(2) Using the framework, one research project, conducted in collaboration with the Scottish Refugee Council, identified key areas which need to be addressed to improve future integration: significant delays in welfare benefits payments; conflicting demands on refugees undermining their access to language classes; the detrimental effects of housing policy on education and the development of social networks. Clear evidence emerged of the importance of beginner level language support across all domains of integration, and challenges in finding employment – especially commensurate with refugees’ pre-migration educational/skill levels. This insight into difficulties faced by refugees is crucial in helping government and agencies shape future services/provision to improve integration in the future.

Getting a better understanding of the impact of social connections

(3) A mapping exercise looking at social connections was tested in different refugee resettlement and humanitarian situations. The tool uses group exercises and confidential individual surveys to measure the strength of connections within a network/group of people (such as refugees) by asking about the people and organisations that they have actually been in contact with and how much they trust them.

For example, the approach has been used to research patterns of social connection and access to services in both humanitarian and resettlement situations. For example, a study amongst displaced Iraqis revealed disparities between resources available to women and men, for meeting basic needs, resolving community disputes and addressing domestic violence.

(4) The social connections approach is currently being deployed in diverse studies. For example, one study is addressing access to healthcare for displaced Congolese and Somali people in African countries. Another is mapping the development of the social networks of refugee families receiving integration services across the UK. A recent study has investigated the impacts of COVID restrictions on refugees and asylum seekers in Scotland.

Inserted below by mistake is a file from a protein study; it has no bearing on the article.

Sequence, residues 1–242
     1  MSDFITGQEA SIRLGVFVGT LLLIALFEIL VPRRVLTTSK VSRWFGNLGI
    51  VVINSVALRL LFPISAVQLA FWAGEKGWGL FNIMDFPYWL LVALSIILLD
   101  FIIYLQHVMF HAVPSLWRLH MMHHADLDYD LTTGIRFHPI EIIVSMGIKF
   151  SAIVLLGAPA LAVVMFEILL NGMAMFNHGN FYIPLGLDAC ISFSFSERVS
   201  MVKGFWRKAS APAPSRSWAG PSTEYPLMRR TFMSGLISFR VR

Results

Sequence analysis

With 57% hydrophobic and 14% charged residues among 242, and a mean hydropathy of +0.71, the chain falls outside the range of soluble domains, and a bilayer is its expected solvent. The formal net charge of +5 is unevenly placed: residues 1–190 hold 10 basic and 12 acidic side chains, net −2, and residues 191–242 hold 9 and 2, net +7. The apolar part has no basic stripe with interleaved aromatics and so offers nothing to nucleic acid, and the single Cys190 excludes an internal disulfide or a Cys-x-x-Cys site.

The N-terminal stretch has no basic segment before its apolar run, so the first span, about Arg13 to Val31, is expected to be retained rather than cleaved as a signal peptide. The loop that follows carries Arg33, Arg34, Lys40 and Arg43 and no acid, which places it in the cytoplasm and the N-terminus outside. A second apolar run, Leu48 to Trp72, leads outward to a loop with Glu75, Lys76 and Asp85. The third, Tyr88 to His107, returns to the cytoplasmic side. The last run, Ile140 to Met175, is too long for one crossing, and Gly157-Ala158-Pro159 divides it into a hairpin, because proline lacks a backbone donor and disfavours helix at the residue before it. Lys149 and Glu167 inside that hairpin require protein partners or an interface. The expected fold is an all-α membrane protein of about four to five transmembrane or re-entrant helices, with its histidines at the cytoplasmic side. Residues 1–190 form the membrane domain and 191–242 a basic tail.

(5) QMU’s specialist research has provided key insights which are helping organisations in the UK and beyond improve refugee integration, thereby positively impacting the lives of millions of people across the globe. An example of these organisations include: UK Home Office, Scottish Refugee Council, British Red Cross, Freedom from Torture, International Federation of the Red Cross, International Organisation for Migration, Governments of Victoria and New South Wales, Australia, State of Texas, USA, Government of Canada.

Academics involved in leading/contributing to this research:

Alison Strang, Senior Research Fellow

Alastair Ager, Director of the Institute for Global Health and Development at QMU

Oonagh O’Brien, Lecturer

Arek Dakessian, Research Fellow

Leyla Kerlaff, Research Fellow

Helen Baillot, Research Fellow

Research and Knowledge Exchange Development Unit

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Research and Knowledge Exchange Development Unit

Kim Stuart Head of Research and Knowledge Exchange Development Unit 0131 474 0000
RKE - Vivian Rutherford Research and Knowledge Exchange Officer 0131 474 0000